2022 was a tough year for telcos, which must now focus on churn to survive

CEO at Pendula, Alex Colvin, says telco brands must think differently about the value of retention if they are to survive the new status quo.

The telco landscape in Australia has shifted significantly in recent years.

The pandemic, privacy breaches and the current economic downturn have caused an unprecedented shift in the way people use telco services.

As a result, telco brands must think differently about the value of retention.

This shift has been multifold and has resulted in a polycrisis for the sector. Firstly, a work-from-home revolution triggered by lockdowns, with the ABS reporting that more than 40% of employed people still regularly worked from home after lockdowns ended. 91% of people now have a home broadband connection, of which 93% are connected to the NBN. This came from an increase in the number of customers choosing to increase their internet speeds and move to unlimited data plans.

Then, for consumers that hadn’t been fussed about shopping around, skyrocketing inflation and the growing cost of living began to make sticking with a provider long-term even less viable. Couple that with the multiple data breaches from virtually every major telco player in 2022, adding questions about data safety into the mix, and the result was one of the biggest changes in customer mentality in perhaps the sector’s entire history.

All of this has made customer retention more important than it ever has been. Prior to events of recent years, most telcos had legitimate marketing strategies which focussed on acquiring new customers faster than others left. The current state of play means that is no longer viable, with consumers willing to rapidly and ruthlessly switch providers if offers and quality of service aren’t adapting to their needs.

It is for this reason that retention and not acquisition will prove the key to success in this sector for 2023 and beyond. Acquiring a new customer can cost as much as five to 25 times more than retaining an existing one. Even the most forward-thinking companies, who have highly desirable products or services, will experience a chunk of their client base moving on, but those that prioritise customer retention will be those who thrive in the long term.

The telco sector is one of the fastest adopters of data-driven marketing strategies – but there is still a lot of room to innovate for marketers who are willing to push the envelope. The benefits of a high retention rate are clear, so what can you do about it?

The first step is to synthesise the data at your fingertips so as to better understand not just how much churn you are experiencing, but why it is occurring. This will help to determine causes behind churn, and must also be followed up with tangible and relevant interventions.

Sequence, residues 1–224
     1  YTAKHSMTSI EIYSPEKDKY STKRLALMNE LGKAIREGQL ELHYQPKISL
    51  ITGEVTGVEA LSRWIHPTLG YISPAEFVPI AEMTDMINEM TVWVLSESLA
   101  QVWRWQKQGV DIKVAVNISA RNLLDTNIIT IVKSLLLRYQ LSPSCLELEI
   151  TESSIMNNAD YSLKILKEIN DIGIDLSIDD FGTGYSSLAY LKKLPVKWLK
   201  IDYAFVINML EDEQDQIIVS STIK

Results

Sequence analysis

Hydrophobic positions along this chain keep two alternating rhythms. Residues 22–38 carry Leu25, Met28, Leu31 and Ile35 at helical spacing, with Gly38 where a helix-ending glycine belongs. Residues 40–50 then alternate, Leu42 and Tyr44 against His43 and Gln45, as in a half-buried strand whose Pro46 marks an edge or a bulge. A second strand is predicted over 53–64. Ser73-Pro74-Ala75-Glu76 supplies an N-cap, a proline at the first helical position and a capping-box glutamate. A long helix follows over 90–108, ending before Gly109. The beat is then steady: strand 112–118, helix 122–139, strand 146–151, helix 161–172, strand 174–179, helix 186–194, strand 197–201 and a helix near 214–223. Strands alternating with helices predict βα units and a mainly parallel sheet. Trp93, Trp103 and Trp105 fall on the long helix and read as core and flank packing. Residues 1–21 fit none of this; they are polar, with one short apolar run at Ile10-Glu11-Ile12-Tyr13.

In the end, customers want to feel valued, so it’s crucial to be continually investing in your customer service, care, and experience. This may require a complete overhaul of how you do things. As an example, one of the critical benefits of personalised two-way conversations and automated workflows is higher engagement rates.

From there, innovation becomes a natural and essential third step, whether you innovate on price or product. Bundles, network optimisation, and other value-add services not only help to attract new clients, but they can also facilitate lower telco customer churn.

Challenger brands like Amaysim have been implementing new products and customer service strategies for years, and as a result, are often ahead of the curve compared to bigger telcos who’ve traditionally been able to heavily rely on brand equity. Brand equity is now, thanks in no small part to the breaches mentioned above, as well as customers’ better understanding their own needs, a far less powerful factor than it once was.

As an example, Amaysim has implemented such offers as complimentary bonus data, encouraging customers to “stay safe and stay connected”. This latched onto the insight that phones were going to be used more than normal in lieu of physical socialising, and that purse strings were going to be tightened.

Churn is costing money, particularly if net revenue churn is in the red. It has never been more important to focus on retention, and understanding that customer churn and implementing strategies to reduce churn will become a key marketing focus for many sectors (not just telco) in today’s economic environment.

To address this start by asking yourself some simple questions. Can you proactively reach out to your customers to offer them added value? Are your products and services still solving a customer’s immediate needs given current economic conditions? Do your customers feel valued? Importantly, these questions must be answered in consultation with customers.

Answering these questions regularly, and using them to experiment and strategise around execution, then locking in a long-term strategy for retention that is constantly being re-evaluated, is the most effective way to reduce churn now as well as into the future. By doing so, you’ll be naturally future-proofing the bottom line of your business.

Alex Colvin is the CEO of Pendula.


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